Hunger Games: Why the movie is better than the book

In O'Pinions on April 4, 2012 at 9:05 pm

It’s not something you’ll often hear readers say, and it’s not something you’ll often hear me say, but with the Hunger Games we find one of those rare cases where the film adaptation of a book is actually an improvement.

The Hunger Games is just short enough, and the plot just simple enough, that nothing — in terms of content, anyway — is lost in the translation to film. Yes, there were changes to the plot (the origin of the iconic golden pin being just one of them) that people have griped about, but these made little or no difference overall. But other changes — changes to the way the story was told — made all the difference, and actually made the story better.

There are two main problems with the way Suzanne Collins decided to write The Hunger Games: her over reliance on deus ex machina  to shape the plot, and her tendency to tell rather than show when it comes to the emotions of her characters (that’s right, welcome to your freshman year creative writing workshop) .

Reading the book it seems that any time Katniss has a problem, the rules of the game are changed; when those rules become inconvenient to the plot, they’re changed again. Any time Katniss needs something —  medicine or food for example — it comes floating down to her in a tiny silver parachute. You can argue that these things are all part of the game and therefore don’t break the story logic, per se, but that’s cheating; it’s still deus ex machina, even if you say up front that the gods will come down from on high to save your hero whenever he needs a hand.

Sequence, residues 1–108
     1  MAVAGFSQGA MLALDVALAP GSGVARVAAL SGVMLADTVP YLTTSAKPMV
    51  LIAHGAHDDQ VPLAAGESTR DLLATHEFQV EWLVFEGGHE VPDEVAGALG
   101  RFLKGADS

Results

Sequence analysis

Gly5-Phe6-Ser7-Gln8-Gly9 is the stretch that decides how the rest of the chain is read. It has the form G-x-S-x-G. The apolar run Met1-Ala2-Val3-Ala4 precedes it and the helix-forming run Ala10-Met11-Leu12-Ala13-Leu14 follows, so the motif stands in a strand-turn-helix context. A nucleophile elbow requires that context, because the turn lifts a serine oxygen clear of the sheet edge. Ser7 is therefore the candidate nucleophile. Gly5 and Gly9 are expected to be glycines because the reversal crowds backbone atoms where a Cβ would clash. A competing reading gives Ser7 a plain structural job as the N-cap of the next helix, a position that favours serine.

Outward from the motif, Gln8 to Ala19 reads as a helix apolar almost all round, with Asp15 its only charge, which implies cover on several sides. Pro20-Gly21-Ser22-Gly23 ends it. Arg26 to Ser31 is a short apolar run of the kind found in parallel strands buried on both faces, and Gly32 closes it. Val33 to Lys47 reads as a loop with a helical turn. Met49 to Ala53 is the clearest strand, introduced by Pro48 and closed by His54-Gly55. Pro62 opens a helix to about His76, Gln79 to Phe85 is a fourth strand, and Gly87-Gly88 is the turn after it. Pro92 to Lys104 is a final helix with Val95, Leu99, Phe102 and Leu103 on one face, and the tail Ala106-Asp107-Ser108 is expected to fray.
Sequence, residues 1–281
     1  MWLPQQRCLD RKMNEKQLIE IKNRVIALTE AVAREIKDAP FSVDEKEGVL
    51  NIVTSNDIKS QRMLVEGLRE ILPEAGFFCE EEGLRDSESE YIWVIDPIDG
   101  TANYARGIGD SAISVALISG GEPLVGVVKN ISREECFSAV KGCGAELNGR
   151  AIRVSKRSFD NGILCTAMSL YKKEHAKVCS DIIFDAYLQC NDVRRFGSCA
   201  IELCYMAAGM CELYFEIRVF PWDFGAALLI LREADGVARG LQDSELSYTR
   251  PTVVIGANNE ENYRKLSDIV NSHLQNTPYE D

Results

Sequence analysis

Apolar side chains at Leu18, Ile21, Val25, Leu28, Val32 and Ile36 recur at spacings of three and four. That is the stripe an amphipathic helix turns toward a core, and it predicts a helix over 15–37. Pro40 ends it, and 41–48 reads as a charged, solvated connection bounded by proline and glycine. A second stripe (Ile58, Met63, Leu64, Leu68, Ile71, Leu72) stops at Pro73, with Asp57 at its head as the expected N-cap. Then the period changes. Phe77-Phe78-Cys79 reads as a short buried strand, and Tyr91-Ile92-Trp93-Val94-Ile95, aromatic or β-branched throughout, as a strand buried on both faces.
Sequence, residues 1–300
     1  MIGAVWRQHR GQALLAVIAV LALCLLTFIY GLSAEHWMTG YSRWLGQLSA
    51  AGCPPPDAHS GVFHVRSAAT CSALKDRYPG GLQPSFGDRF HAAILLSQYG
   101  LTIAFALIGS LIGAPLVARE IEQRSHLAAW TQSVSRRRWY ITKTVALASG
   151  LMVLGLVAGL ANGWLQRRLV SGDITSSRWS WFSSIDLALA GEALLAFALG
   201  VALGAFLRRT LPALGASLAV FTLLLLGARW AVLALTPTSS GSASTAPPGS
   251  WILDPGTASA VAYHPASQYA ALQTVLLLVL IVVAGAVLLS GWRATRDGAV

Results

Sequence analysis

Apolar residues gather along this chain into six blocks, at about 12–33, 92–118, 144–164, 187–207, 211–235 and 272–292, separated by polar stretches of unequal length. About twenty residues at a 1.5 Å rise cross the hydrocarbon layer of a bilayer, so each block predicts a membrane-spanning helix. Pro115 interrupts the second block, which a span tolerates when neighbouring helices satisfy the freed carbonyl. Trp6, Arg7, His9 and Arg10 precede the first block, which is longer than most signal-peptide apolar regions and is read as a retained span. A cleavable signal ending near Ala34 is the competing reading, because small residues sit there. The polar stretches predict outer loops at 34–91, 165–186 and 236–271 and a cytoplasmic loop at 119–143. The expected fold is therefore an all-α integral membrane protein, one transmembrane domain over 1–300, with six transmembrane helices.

When Katniss isn’t physically in trouble, she’s consumed with thoughts of Peeta or Gale or the machinations of the game makers who control her fate. The problem is, we don’t infer how she’s feeling or what suspicions she may have — we’re whacked over the head with them, repeatedly. Both of these problems take the suspense and excitement out of what should be an inherently suspenseful and exciting situation.

The movie fixes both problems by showing us what goes on behind the scenes at the Hunger Games  — scenes that didn’t exist in the book. In the scenes featuring Donald Sutherland’s President, we see what leads to the decision to change the rules and what leads to the decision to change them back; we see Haymitch as he struggles to find sponsors and sends help to Katniss in the arena; we see Katniss’ thoughts and feelings in her face, rather than hearing her explain, aloud, what she suspects is happening behind the scenes. It feels much less contrived and, hence, better.

Don’t get me wrong: I realize we’re just talking about a movie here, and it’s not exactly Schindler’s List or Apocalypse Now or, you know, Ghost Busters , but craft is craft, right? The fact that the Hunger Games movie is better than the book, and the fact that this is such a rare statement, says there’s something wrong with Collins’ craft that wasn’t a problem with Rowling, or Tolkein, or Lewis.

Agree? Disagree? Sound off below!

  1. I’m glad I read this. Nice essay. I have not read the books, but did see the movie and looking forward to the second one.

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